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J Neurophysiol. 1994 Feb;71(2):802-7.

Positron emission tomographic analysis of cerebral structures activated specifically by repetitive noxious heat stimuli.

Author information

1
Department of Neurology, University of Michigan, Ann Arbor 48109.

Abstract

1. To identify the forebrain and brain stem structures that are active during the perception of acute heat pain in humans, we performed H2 15O positron emission tomographic (PET) analyses of cerebral blood flow (CBF) on nine normal volunteers while they received repetitive noxious (50 degrees C) and innocuous (40 degrees C) 5 s heat pulses to the forearm (average resting temperature of 31.8 degrees C). Each subject rated the subjective intensity of each stimulation series according to a magnitude estimation procedure in which 0 = no heat sensation, 7 = barely painful, and 10 = barely tolerable. 2. Three scans were performed at each temperature. Mean CBF images were created for each experimental condition and oriented onto standardized stereotaxic coordinates. Subtraction images were created between conditions for each subject and averaged across subjects. Volumes of interest (VOI) were chosen, based on a priori hypotheses and the results of previously published PET studies. In addition, a separate statistical summation analysis of individual voxels was performed. Statistical thresholds were established with corrections for multiple comparisons. 3. Significant CBF increases to 50 degrees C stimuli were found in the contralateral thalamus, cingulate cortex, S2 and S1 cortex, and insula. The ipsilateral S2 cortex and thalamus, and the medial dorsal midbrain and cerebellar vermis also showed significant CBF increases. All subjects rated the 50 degrees C stimuli as painful (average subjective rating = 8.9 +/- 0.9 SD) and the 40 degrees C stimuli as warm, but not painful (average subjective rating = 2.1 +/- 1.0).(ABSTRACT TRUNCATED AT 250 WORDS).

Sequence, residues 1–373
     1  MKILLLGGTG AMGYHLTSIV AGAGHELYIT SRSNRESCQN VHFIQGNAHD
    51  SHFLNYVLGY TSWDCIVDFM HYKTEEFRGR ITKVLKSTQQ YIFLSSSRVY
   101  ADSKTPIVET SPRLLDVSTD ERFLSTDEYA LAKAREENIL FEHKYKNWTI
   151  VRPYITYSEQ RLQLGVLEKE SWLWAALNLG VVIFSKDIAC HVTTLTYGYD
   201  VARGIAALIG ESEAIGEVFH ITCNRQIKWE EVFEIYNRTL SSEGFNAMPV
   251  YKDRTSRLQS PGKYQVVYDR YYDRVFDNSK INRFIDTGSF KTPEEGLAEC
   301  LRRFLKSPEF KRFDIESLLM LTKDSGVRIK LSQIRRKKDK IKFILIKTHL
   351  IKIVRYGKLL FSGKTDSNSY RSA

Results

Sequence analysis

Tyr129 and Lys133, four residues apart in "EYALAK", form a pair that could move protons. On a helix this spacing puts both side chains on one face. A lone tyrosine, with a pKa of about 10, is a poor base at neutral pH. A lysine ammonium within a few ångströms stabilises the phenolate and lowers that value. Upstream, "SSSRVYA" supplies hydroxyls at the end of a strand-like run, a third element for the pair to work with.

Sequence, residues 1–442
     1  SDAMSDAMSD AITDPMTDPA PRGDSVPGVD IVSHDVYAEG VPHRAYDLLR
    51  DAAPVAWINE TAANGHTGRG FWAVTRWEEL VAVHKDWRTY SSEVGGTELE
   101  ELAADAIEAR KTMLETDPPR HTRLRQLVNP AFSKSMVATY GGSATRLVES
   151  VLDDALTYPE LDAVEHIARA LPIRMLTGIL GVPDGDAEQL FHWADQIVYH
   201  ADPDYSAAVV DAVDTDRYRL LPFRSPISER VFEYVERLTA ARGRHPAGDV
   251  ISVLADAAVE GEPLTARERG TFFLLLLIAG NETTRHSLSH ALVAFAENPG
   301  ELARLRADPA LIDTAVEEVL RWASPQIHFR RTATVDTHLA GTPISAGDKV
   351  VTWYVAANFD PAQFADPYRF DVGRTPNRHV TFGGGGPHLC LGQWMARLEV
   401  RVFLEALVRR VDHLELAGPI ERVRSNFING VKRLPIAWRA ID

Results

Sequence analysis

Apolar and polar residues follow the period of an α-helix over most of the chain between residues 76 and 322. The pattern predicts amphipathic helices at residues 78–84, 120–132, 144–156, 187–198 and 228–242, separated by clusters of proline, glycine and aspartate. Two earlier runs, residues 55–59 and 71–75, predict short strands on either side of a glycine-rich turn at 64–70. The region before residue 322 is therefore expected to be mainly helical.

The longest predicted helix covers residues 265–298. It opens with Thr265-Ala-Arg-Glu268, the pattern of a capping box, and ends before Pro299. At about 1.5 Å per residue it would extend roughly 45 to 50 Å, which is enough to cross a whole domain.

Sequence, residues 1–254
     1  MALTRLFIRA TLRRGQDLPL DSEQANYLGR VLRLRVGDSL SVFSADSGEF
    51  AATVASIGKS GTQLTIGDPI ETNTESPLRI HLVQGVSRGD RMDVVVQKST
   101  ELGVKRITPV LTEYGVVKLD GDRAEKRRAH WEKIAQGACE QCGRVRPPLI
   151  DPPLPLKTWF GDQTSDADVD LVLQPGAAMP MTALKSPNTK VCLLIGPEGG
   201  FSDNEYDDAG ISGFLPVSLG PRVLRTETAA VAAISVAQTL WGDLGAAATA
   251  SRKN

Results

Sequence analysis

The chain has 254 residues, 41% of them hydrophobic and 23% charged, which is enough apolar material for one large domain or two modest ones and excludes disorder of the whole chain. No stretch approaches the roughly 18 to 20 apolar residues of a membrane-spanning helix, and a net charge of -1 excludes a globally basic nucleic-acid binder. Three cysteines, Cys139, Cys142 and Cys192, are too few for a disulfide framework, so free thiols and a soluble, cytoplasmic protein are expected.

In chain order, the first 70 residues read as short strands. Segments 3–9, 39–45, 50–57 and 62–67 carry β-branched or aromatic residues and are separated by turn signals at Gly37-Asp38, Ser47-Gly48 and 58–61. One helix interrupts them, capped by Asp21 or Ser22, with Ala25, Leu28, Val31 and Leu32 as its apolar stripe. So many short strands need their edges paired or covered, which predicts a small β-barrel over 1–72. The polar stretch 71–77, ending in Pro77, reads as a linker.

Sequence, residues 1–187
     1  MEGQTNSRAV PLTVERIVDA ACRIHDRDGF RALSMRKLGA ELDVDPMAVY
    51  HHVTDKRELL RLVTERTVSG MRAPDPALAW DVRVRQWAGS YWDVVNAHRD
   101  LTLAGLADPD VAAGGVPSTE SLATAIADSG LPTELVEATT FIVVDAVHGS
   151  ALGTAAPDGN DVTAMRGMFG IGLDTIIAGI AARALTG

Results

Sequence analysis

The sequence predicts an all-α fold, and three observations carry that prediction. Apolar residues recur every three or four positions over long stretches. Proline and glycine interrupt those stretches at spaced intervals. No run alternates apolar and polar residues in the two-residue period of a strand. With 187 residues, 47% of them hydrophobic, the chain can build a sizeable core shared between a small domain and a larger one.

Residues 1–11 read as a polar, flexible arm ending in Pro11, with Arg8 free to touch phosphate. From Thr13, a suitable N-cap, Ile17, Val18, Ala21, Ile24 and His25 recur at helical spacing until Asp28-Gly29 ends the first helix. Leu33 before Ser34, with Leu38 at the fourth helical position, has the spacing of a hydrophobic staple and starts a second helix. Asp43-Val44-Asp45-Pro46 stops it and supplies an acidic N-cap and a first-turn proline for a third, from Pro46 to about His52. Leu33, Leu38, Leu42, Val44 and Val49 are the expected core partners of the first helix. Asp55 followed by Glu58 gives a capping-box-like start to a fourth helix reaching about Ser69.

PMID:
8176441
DOI:
10.1152/jn.1994.71.2.802
[Indexed for MEDLINE]

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